Pursuant to the terms of the agreement of April 28, 1951, between the Eistrats and Humiston relative to the payment of $35,000 cash by Humiston, the sum of $5,000 in cash was paid by him and he executed and delivered to the Eistrats a promissory note, dated April 28, 1951. The note provided for the payment to the Eistrats of the sum of $30,000 as follows: $5,000 June 1, 1951, and the further sums of $5,000 on the first of each month thereafter for five months. The note contained a recital that if suit is instituted thereon, Humiston agreed to pay ‘all costs of such action, together with a reasonable attorney's fee actually incurred’ and a further recital that ‘this note is secured by 366 shares of common stock of Associated Piping and Engineering Company, Inc.’ On August 15, 1951, by written agreement, the said stock was returned to Humiston by the Eistrats and the time for payment of the promissory note was extended to January 2, 1952, in consideration of Humiston's transfer to the Eistrats of all his rights to all fir and cedar timber on the property. Humiston made the payments that became due under the promissory note for the months of June and July, 1951, and made no further payments thereon.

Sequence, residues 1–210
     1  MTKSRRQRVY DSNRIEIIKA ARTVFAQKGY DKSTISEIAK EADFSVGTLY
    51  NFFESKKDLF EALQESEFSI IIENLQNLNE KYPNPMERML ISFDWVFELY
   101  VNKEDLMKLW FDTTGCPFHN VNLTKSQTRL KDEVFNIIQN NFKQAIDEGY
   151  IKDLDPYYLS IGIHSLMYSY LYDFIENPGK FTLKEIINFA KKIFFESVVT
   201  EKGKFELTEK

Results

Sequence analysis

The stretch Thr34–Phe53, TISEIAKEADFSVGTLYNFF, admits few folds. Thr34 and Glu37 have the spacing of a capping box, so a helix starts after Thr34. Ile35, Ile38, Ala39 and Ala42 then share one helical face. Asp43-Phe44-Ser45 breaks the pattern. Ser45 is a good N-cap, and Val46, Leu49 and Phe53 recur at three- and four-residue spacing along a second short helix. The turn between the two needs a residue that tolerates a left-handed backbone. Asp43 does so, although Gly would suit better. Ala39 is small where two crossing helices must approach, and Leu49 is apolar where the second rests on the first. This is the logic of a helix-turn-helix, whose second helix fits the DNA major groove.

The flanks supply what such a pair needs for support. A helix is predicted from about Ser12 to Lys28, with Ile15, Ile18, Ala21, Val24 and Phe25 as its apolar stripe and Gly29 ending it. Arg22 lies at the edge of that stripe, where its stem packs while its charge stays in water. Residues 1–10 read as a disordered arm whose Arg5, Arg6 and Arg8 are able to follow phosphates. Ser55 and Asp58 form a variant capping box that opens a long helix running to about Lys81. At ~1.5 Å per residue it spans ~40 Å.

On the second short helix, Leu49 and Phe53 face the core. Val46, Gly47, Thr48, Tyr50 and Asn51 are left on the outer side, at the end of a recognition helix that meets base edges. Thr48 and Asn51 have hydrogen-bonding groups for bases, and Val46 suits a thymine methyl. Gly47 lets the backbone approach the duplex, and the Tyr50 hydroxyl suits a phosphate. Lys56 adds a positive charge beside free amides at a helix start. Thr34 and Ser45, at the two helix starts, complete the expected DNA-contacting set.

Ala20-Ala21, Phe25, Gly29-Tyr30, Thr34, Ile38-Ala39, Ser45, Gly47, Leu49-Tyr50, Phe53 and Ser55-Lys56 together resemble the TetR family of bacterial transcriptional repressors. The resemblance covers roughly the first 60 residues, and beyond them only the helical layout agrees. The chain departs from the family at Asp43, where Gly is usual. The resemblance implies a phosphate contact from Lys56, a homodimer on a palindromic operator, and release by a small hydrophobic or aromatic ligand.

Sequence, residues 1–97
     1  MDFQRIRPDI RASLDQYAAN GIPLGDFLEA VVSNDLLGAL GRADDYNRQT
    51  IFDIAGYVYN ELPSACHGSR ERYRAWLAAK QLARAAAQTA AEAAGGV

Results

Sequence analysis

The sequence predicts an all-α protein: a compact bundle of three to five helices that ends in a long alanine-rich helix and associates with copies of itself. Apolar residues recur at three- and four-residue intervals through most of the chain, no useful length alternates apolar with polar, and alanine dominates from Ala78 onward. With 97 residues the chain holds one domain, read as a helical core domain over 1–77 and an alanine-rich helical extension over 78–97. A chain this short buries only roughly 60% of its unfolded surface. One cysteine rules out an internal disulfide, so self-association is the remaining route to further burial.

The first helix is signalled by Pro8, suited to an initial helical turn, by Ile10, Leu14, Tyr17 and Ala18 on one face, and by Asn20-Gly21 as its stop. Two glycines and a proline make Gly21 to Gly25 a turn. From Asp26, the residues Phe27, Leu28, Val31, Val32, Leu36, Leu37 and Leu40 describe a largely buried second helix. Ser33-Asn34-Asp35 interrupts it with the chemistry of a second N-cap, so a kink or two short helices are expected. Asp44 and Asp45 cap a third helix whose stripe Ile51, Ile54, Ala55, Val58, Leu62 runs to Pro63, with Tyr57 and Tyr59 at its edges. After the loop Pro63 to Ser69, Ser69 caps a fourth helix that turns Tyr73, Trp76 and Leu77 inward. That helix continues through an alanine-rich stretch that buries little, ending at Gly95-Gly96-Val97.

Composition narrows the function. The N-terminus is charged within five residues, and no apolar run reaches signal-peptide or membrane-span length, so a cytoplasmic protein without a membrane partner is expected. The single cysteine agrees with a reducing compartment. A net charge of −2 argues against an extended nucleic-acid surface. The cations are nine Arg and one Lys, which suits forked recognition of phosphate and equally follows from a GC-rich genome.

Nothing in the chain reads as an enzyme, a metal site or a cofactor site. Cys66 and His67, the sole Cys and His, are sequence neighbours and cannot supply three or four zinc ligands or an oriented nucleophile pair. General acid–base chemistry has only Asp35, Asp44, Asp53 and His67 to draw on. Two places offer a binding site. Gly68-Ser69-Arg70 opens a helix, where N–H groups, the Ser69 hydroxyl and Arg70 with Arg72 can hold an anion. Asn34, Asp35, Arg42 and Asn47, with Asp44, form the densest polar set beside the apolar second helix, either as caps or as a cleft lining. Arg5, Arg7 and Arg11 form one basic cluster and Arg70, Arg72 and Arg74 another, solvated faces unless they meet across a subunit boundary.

On May 5, 1951, Humiston entered into a logging contract in writing with one Joseph A. Rego in which Rego agreed to cut, log and deliver, to any and all saw mills designated by Humiston, all timber belonging to Humiston on the property involved and purchased from the Eistrats on April 28, 1951. Rego commenced operations on the property under his logging contract and thereafter, on July 11, 1951, the forest ranger inspected the property and notified Eistrat by letter, stating therein that the operator was cutting pine on the premises; that the trees had been felled carefully; that the operator had done considerable work in cleaning up the area but that there was considerably more work yet to be done to conform with the requirements of the contract. On August 28, 1951, a report of the operations on the property was made by the district forest ranger to the Eistrats. This report showed that the previous operations on the property had not been done in a manner satisfactory to the ranger and that Humiston had employed a new operator, one Harry Upton; that some clean-up work had been done but not satisfactorily; that in his opinion Rego was attempting to comply with the stipulations of the contract but had not done a thorough job. During the early part of September, 1951, Humiston went to see the district forest ranger, Alden L. Wuoltee, and was informed by him that in his opinion there was no urgency about doing the things that had to be done under Humiston's contract, provided they were done before winter set in.